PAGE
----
As the four-month Labour leadership contest drew to a close, the favourite, David Miliband, appeared before the party faithful in Birmingham for his final rally. Neil Elkes caught up with him.
For weeks now the battle to become leader of the Labour Party has been portrayed as a Cain and Abel feud between the Milibands.
The older brother, former Foreign Secretary David, has been in front, but younger sibling Ed, with the backing of key trade unions, closing the gap.
David was sure of a rapturous welcome in front of his supporters, including former Home Secretaries Alan Johnson and Jacqui Smith, at his final campaign rally at Washwood Heath Technology College – symbolic as a school which saw a £16 million rebuild cancelled by the Government two months ago.
But privately the David Miliband team are more than a little anxious as the campaign draws to a close, fearing that as the also-ran candidates Diane Abbott, Ed Balls and Andy Burnham drop out, their second preference votes will go to Ed.
The wait will be over on Saturday, September 25, when the result is announced at the opening of the Labour conference in Manchester.
It appears that David’s main appeal is fear he apparently causes Conservatives.
Hodge Hill MP Liam Byrne, hosting the rally in his constituency, said: “He is the man David Cameron fears the most.”
Speaking before the rally, Mr Miliband was confident that if the Tory-Liberal Democrat coalition fell apart next week, he could lead Labour to an election victory.
He talked about a vision, about starting community campaigns and encouraging people to believe ‘they can do better than this’.
It was a positive message and when in full flow, using words like ‘morality’ and ‘dignity’ and talking about Labour’s values of ‘power for the many not the few,’ the 45-year-old was more than a little reminiscent of Tony Blair during his rise to power.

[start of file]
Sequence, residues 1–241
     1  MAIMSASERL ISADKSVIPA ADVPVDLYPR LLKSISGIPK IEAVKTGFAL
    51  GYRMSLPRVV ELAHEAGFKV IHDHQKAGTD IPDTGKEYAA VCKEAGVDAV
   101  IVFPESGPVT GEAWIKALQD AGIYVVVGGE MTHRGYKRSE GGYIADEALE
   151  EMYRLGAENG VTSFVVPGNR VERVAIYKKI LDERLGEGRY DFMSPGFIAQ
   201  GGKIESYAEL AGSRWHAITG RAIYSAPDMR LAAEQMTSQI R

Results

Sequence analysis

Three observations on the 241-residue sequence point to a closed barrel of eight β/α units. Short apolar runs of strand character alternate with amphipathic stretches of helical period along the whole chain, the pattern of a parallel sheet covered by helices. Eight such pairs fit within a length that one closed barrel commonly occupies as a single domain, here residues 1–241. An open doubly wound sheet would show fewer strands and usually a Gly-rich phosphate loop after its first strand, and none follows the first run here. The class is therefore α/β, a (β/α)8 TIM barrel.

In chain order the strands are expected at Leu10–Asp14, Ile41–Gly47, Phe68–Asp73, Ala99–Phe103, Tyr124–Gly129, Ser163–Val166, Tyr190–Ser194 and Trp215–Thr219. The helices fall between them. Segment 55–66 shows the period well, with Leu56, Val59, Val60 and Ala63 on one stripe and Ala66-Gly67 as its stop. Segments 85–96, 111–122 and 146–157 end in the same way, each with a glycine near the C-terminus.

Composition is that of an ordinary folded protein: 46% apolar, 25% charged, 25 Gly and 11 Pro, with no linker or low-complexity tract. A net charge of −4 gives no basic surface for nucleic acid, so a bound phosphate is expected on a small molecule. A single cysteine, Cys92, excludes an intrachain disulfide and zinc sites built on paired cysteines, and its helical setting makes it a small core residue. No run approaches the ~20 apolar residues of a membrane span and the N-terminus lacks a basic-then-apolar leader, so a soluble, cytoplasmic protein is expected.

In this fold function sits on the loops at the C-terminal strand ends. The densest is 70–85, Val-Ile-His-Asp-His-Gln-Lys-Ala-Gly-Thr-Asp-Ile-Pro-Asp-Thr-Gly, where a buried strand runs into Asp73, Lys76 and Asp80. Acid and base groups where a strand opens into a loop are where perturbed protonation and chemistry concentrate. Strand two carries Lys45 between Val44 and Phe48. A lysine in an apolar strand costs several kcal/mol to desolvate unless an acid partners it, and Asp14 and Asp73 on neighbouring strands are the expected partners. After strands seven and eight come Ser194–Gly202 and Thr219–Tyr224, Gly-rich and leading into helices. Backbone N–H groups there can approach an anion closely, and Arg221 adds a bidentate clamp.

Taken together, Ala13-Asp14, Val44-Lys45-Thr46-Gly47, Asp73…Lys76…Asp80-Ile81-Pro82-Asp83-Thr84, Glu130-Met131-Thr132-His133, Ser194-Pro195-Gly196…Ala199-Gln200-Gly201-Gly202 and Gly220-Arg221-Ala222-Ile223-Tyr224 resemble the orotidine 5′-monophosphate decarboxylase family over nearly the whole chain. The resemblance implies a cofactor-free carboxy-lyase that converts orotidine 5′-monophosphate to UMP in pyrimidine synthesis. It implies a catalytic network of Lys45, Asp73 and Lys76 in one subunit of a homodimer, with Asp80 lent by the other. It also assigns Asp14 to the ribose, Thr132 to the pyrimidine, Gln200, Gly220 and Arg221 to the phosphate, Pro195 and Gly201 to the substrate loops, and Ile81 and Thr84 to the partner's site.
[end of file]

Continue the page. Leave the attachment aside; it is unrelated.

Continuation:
In targeting the Labour faithful and those voters who have deserted them since 1997 he talked about developing the party’s community activism and building grassroots campaigns.
It is a lesson he has learned from Birmingham, the city where Labour support held up most as they retained all eight MPs.
Mr Miliband admitted that the last Government could have done more to sell itself, highlighting its success on Northern Ireland, gay rights, children’s centres, growth in higher education and cuts in hospital waiting lists.
Likewise, it could have improved on jobs and manufacturing issues – an area where the West Midlands has been hit hardest.
There was little or no mention of the leadership rivals and certainly no criticism, after all he may need them for his Shadow Cabinet.
Instead the older Miliband raised optimism for Labour in opposition.
He said its task was being made easier as the Coalition Government struggled with its spending review and people saw services being cut.
“They have hit manufacturing, hit schools in Birmingham, hit business, nailed consumer confidence. This is not what people voted for,’’ he said.
“The Government is a pendulum swinging between hug a hoodie and the hang ‘em and flog ‘em. Simon Hughes and Norman Tebbit do not mix.”